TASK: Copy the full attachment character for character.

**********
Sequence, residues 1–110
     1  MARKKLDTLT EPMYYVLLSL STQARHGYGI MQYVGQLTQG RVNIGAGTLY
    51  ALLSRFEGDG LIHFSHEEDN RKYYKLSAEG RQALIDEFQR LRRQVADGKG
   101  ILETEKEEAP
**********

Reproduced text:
Sequence, residues 1–110
     1  MARKKLDTLT EPMYYVLLSL STQARHGYGI MQYVGQLTQG RVNIGAGTLY
    51  ALLSRFEGDG LIHFSHEEDN RKYYKLSAEG RQALIDEFQR LRRQVADGKG
   101  ILETEKEEAP